TO CHEW, OR NOT TO CHEW?
PATIENT DIES AFTER CHEWING MEDICATION
Some medications should never be chewed, cut, crushed, or
diluted. The only way to know is to read label instructions
carefully and/or ask your pharmacist or physician how each
drug should be taken. Unfortunately, not all patients read
the directions or receive and follow this kind of advice from
health providers. The following case illustrates the dangers
when patients are not given appropriate instructions or do
not question how to take medication.
An 83-year-old patient was given Cardizem CDŽ (sustained
release diltiazem capsules) for blood pressure control. Because
the capsule was too large to swallow, the patient chewed the
medication. As a result, her pulse twice slowed to low levels
and the family contacted the pharmacist for advice. Upon learning
that she was chewing the medication, the pharmacist suggested
that the physician substitute immediate release diltiazem
tablets, which are easier to swallow. The prescription was
changed and the patient did well for several months
Months later the patient returned to her physician for a
check up. She was again put on Cardizem CDŽ because the physician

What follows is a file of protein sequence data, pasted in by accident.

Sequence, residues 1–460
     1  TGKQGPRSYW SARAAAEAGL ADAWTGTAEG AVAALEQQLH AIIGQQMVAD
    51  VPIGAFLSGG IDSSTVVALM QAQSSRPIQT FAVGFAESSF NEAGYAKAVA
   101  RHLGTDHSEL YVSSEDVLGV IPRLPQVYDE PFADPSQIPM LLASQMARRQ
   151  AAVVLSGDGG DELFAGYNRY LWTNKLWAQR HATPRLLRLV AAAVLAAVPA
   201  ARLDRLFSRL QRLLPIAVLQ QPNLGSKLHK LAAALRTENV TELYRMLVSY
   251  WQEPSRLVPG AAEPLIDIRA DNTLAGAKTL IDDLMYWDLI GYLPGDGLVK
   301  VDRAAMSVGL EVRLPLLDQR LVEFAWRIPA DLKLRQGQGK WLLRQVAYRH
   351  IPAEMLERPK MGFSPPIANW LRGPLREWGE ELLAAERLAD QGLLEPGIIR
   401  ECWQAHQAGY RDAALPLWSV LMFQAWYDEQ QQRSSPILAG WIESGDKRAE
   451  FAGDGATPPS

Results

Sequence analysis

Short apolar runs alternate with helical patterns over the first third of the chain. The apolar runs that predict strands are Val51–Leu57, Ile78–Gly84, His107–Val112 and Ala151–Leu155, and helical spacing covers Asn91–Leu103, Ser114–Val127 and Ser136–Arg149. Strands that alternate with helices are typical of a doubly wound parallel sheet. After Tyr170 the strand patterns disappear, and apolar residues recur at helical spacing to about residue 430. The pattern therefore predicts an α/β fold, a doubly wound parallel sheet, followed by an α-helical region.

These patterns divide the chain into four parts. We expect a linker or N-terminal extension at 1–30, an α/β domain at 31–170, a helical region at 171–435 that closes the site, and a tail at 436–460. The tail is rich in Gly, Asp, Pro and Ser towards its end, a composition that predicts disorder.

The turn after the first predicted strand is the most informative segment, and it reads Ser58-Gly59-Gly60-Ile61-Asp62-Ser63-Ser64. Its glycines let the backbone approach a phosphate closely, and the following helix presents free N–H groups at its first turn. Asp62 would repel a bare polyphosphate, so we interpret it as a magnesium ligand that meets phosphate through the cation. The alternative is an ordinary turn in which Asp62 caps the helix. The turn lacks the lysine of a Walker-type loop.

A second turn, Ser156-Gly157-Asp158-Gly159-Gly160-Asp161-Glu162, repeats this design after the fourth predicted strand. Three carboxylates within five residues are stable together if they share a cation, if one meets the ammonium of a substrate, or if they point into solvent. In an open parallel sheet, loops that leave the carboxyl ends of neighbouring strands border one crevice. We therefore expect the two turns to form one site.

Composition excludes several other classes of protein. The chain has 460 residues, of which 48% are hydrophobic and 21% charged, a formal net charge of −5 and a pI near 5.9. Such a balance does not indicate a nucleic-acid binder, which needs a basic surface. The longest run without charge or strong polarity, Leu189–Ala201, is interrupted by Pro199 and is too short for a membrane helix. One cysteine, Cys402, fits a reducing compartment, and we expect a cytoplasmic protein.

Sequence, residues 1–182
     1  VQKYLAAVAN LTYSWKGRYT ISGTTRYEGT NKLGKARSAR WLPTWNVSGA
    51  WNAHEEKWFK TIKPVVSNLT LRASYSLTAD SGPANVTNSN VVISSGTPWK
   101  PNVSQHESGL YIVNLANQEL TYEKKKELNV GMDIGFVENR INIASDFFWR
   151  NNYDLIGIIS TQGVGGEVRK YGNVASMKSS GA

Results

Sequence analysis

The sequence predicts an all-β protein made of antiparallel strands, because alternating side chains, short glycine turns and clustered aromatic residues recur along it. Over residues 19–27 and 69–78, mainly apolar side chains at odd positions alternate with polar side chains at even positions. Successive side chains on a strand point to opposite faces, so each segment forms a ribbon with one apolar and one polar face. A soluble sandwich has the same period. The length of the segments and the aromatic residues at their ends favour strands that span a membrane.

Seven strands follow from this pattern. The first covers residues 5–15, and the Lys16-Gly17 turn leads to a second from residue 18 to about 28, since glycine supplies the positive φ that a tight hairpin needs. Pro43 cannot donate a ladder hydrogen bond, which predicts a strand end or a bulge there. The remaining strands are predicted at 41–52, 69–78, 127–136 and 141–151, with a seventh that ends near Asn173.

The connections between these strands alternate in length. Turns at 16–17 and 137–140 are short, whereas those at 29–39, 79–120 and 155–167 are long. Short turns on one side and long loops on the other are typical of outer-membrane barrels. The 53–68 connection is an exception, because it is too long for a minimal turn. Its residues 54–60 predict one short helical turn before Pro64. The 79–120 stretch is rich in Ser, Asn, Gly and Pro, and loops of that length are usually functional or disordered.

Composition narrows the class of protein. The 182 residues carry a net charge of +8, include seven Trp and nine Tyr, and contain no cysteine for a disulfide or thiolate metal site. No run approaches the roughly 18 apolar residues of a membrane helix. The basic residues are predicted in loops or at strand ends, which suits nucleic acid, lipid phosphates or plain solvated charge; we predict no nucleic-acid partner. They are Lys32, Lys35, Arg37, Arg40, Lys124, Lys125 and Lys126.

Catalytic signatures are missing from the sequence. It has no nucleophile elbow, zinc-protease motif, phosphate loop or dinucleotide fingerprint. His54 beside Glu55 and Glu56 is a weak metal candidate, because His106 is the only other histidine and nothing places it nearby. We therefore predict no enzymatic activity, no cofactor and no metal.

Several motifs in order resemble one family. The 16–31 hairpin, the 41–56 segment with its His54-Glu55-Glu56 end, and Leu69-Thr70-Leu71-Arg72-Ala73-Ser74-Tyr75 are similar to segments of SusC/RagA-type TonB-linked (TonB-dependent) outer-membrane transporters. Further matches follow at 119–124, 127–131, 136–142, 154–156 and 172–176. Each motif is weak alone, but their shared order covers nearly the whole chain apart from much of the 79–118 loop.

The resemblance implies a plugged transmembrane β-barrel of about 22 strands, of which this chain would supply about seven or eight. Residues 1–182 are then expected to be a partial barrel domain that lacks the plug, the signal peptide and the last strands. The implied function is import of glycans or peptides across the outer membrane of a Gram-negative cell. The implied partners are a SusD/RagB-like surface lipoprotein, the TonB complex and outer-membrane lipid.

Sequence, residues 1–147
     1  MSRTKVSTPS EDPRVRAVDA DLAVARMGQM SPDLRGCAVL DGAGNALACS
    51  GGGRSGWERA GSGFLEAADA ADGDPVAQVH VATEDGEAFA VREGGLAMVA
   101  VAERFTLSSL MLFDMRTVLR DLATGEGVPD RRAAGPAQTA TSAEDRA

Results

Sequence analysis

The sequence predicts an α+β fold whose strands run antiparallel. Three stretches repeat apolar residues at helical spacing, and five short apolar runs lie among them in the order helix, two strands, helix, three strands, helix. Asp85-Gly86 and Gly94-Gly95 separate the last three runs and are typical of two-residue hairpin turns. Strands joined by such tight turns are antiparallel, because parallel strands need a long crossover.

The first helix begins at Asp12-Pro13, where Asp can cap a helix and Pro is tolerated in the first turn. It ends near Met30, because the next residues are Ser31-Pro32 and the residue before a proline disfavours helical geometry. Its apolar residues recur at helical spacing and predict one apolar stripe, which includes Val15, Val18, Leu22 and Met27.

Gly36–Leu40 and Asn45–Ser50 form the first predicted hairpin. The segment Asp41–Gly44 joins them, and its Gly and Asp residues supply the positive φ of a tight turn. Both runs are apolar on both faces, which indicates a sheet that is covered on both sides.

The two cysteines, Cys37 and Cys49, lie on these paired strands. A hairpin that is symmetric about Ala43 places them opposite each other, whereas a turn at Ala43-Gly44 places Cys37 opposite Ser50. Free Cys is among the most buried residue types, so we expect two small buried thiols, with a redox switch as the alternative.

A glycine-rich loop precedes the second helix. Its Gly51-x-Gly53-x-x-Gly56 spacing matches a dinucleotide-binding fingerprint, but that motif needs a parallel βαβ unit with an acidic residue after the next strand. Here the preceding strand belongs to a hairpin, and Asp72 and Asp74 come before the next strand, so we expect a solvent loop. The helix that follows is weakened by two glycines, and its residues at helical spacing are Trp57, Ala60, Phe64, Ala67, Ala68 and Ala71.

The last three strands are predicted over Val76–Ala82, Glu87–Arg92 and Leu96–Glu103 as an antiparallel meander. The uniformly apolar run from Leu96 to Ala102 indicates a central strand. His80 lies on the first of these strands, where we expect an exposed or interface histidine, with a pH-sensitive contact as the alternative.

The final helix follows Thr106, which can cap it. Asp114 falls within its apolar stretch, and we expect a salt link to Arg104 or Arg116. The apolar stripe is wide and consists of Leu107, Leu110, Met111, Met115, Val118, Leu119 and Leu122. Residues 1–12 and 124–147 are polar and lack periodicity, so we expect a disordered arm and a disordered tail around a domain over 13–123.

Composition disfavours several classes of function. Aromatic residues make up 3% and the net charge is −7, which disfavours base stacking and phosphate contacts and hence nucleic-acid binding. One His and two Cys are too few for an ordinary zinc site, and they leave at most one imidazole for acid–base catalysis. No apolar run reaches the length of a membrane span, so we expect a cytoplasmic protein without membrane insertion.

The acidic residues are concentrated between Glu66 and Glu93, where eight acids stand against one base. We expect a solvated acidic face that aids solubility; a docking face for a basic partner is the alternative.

apparently did not review the patient's previous medication
use and neither the patient nor her caregiver reminded the
doctor about the prescription change. Since the patient had
either forgotten or never been warned about the danger of
chewing Cardizem CD, she again began chewing the larger capsules.
She became progressively weaker and died three weeks later.
According to her family, the patient had been alert and intelligent
but had too much faith in her health providers to question
Such instances remind us that medication must be taken carefully
and always according to specific instructions. It also reminds
us that patients can be the last, best check on their own
medication use. A complete medication list reviewed with health
providers on every visit is an invaluable protection against
medication-related problems. Similarly, patients and caregivers
should always ask questions aggressively to fully understand
the treatment they are receiving, clear up doubts or questions
about any aspect of the therapy, and to alert health care
providers appropriately if anything seems amiss.
Institute for Safe Medication Practices